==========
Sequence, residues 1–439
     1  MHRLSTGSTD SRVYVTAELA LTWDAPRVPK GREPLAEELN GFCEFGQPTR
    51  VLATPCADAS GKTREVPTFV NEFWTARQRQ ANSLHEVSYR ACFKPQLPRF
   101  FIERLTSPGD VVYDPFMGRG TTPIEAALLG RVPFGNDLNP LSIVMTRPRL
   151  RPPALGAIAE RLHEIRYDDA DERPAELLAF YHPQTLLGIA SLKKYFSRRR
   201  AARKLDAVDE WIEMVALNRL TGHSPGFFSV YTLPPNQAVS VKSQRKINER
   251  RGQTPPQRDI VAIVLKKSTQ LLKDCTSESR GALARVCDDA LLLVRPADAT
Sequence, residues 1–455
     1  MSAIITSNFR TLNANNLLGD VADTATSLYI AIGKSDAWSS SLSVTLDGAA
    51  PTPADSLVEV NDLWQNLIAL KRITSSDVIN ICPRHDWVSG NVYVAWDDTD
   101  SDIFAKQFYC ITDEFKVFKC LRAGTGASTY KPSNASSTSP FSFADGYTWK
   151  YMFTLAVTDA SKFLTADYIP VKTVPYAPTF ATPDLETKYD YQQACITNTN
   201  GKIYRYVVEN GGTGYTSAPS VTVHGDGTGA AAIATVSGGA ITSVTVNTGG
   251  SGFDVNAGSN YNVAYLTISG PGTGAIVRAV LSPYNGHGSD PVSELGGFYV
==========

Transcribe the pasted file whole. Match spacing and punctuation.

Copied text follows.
Sequence, residues 1–439
     1  MHRLSTGSTD SRVYVTAELA LTWDAPRVPK GREPLAEELN GFCEFGQPTR
    51  VLATPCADAS GKTREVPTFV NEFWTARQRQ ANSLHEVSYR ACFKPQLPRF
   101  FIERLTSPGD VVYDPFMGRG TTPIEAALLG RVPFGNDLNP LSIVMTRPRL
   151  RPPALGAIAE RLHEIRYDDA DERPAELLAF YHPQTLLGIA SLKKYFSRRR
   201  AARKLDAVDE WIEMVALNRL TGHSPGFFSV YTLPPNQAVS VKSQRKINER
   251  RGQTPPQRDI VAIVLKKSTQ LLKDCTSESR GALARVCDDA LLLVRPADAT
Sequence, residues 1–455
     1  MSAIITSNFR TLNANNLLGD VADTATSLYI AIGKSDAWSS SLSVTLDGAA
    51  PTPADSLVEV NDLWQNLIAL KRITSSDVIN ICPRHDWVSG NVYVAWDDTD
   101  SDIFAKQFYC ITDEFKVFKC LRAGTGASTY KPSNASSTSP FSFADGYTWK
   151  YMFTLAVTDA SKFLTADYIP VKTVPYAPTF ATPDLETKYD YQQACITNTN
   201  GKIYRYVVEN GGTGYTSAPS VTVHGDGTGA AAIATVSGGA ITSVTVNTGG
   251  SGFDVNAGSN YNVAYLTISG PGTGAIVRAV LSPYNGHGSD PVSELGGFYV